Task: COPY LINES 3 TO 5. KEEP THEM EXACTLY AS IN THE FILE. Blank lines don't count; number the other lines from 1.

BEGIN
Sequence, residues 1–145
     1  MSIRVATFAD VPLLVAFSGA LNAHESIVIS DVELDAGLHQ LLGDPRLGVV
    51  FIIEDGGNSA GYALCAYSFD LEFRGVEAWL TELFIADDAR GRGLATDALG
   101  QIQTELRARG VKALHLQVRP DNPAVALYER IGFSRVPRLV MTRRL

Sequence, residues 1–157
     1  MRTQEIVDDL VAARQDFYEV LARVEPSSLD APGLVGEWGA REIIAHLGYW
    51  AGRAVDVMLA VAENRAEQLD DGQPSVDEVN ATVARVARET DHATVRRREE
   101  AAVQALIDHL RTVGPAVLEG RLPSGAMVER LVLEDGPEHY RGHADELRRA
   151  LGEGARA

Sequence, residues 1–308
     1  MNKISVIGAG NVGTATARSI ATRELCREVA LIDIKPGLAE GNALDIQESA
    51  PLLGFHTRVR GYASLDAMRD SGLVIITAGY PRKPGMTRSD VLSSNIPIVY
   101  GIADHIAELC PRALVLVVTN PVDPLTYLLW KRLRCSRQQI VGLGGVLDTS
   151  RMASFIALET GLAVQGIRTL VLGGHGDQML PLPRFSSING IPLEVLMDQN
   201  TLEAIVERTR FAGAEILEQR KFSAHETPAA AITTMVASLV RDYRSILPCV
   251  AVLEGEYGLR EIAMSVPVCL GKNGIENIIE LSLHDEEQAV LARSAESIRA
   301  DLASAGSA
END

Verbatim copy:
    51  FIIEDGGNSA GYALCAYSFD LEFRGVEAWL TELFIADDAR GRGLATDALG
   101  QIQTELRARG VKALHLQVRP DNPAVALYER IGFSRVPRLV MTRRL

Sequence, residues 1–157